Macromolecular Technology: What is it?

Bottom line up front: Macromolecular Technology is making big things from little things: Macro + Molecular.

The idea behind Macromolecular Technology had two main inspirations from the world of science fiction from the early 1990s. The first was the “liquid metal” of the T-1000 terminator in the movie “Terminator 2: Judgement Day,” released in July of 1991. While watching the movie on release day in our local theater, I asked myself, “What if you could create other things with that technology: ships and tanks and spaceships that could blend perfectly into their background and rearrange themselves to adapt to changing situations like the T-1000? How cool would that be!” Problem was, the tech behind “liquid metal” was never explained in the movie. How did it work? What was the scientific basis for it? No answers.

About this time, I was in the early planning stages for the story that would become Andromeda Rhoades. I wanted the ships in my universe to be like the “liquid metal” of the T-1000, but I also wanted to use concepts based in real science.

As I tried to puzzle this out, I re-watched an episode of Star Trek: The Next Generation (Season 3, Episode 1, originally aired September, 25, 1989), where nanomachines, a.k.a. “nanites,” escape into the Enterprise’s main computer and start causing all kinds of ruckus. The nanites eventually evolved into a “collective intelligence.”

Now, at that time, I spent a lot of time reading science and technology journals (geek, I know). I read an article (sorry, can’t remember which one) where a lab had created a molecule-sized machine and made it move on its own. That’s when I had my epiphany: What if it were possible to create large-scale structures with lots and lots of molecule-sized machines? Literally grow entire spaceships from trillions and trillions of techno-molecules, molecules that could rearrange themselves and their function in real time, thus creating an effect similar to “liquid metal.” Thus, the underlying concept for Macromolecular Technology was born.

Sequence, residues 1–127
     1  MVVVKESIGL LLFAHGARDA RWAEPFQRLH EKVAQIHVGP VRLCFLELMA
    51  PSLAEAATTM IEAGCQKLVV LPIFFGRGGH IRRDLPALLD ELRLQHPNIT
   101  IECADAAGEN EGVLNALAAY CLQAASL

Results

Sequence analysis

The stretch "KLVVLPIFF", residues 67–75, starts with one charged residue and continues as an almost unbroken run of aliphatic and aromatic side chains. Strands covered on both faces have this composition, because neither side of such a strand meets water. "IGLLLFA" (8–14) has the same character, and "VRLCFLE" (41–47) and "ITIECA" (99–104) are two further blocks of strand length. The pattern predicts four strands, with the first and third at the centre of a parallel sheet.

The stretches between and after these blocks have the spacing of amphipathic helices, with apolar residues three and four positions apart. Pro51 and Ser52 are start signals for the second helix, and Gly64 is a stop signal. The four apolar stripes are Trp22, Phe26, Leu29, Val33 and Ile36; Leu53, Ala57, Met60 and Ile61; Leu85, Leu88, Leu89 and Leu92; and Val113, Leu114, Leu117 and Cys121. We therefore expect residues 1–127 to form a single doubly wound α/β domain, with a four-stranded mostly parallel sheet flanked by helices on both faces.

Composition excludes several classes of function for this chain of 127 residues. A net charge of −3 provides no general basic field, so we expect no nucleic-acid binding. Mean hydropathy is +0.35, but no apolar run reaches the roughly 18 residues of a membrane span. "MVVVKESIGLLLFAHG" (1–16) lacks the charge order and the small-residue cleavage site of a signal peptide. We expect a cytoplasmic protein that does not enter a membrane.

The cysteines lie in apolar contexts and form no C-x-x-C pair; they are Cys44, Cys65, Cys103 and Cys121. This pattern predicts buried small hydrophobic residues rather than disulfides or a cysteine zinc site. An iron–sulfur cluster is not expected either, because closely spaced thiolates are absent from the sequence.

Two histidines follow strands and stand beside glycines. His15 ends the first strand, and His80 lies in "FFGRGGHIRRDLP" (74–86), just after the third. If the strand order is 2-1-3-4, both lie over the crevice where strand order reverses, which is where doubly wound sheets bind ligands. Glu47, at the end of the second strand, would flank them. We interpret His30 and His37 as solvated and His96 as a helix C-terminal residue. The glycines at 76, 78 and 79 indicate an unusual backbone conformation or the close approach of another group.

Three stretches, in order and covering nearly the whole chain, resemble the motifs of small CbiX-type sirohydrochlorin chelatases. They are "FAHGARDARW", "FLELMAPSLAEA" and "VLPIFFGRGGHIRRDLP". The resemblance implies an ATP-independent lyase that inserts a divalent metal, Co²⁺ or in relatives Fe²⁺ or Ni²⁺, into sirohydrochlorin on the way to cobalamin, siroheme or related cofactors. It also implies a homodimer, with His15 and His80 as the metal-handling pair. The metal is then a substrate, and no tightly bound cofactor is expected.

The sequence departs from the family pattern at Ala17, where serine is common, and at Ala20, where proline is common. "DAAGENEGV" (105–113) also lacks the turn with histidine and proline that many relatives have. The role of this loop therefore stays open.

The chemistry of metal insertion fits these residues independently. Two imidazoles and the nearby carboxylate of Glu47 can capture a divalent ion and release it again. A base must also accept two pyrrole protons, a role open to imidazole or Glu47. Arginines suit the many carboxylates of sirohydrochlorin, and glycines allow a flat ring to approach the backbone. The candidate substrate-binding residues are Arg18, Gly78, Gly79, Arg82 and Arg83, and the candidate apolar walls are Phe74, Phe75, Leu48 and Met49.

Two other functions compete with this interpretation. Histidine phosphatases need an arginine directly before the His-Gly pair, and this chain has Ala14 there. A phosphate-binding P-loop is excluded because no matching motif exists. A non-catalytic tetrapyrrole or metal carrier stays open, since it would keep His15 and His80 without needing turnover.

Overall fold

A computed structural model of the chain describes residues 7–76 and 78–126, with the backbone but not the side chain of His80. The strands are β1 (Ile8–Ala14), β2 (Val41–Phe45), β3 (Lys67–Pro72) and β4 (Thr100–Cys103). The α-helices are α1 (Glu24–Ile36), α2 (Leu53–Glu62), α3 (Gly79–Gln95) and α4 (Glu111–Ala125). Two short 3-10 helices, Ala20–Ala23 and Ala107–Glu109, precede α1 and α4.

Then, because I prefer hard science fiction, I had to flesh the concept out. How, exactly, does it work? Here, I turned to biology. When a sperm and egg combine to begin the process of growing a new life, they contain all the genetic instructions to create the final organism. That first cell creates many copies of itself, becoming a big ball of cells called a blastocyst (in mammals), that then becomes the embryo that implants in the uterine wall. The cells of the embryo specialize, becoming heart cells, brain cells, liver cells, etc. Eventually, the embryo becomes a fetus and the organism is born and grows into an adult. One fascinating element, though, is that every cell in the organism “remembers” how to be every other kind of cell. A heart cell can be turned back into a stem cell (the basic cell from the blastocyst) and then be changed into a liver cell.

What if we applied the same process to growing spaceships? Start with molecular machines that already contain all the instructions necessary to grow the final ship. Feed them raw materials so they can make trillions upon trillions of copies of themselves, basically a “stem-molecule.” When they reach a critical mass, the molecules begin to specialize and assemble themselves into the structure that will become the final shape, transforming themselves into fusion reactors, shield generators, conduits and plumbing, even weapons. Eventually, the ship reaches its intended size and shape and is “born.” The SIL vessels in The Local War universe continue their development as they experience the universe around them, much as children learn from their environment. The SIL, however, have the added advantage that they immediately have access to the collective memories of their race, significantly shortening the learning curve to full adulthood.

We’re not done, though. This is technology, not biology. The molecular machines are not fixed in function like an animal’s cells. They can rearrange themselves, alter their function. A macromolecular vessel contains lots of “spare” mass, of molecular machines, that makes up its hull. If it needs to manufacture new missiles to replace missiles it has fired, it can convert some of this spare mass into new missiles, the molecular machines of “hull” transforming into the molecular machines of “missile,” forming all the component structures that make a functioning missile. Likewise, if the ship suffers combat damage, it can replace damaged or destroyed functions. Lose a fusion reactor? Create a new one, if the ship has the required mass to do so. This has the added advantage that the ships require no human maintenance. They can repair wear and tear damage from exposure to radiation, interstellar dust impacts, etc. They just need occasional injections of new macromolecular material to replace lost mass.

It also means the ships—and spacecraft and surface vehicles—can alter their structure, their appearance, even their function. A spacecraft can alter its shape in real time to enter an atmosphere and fly, or it could even land and transform its function from spacecraft to ground assault vehicle, within the limits of available mass, keeping the same weapons just in a different physical layout. And much, much more.

Read “The Local War” series to see all the cool things Macromolecular Technology can do!

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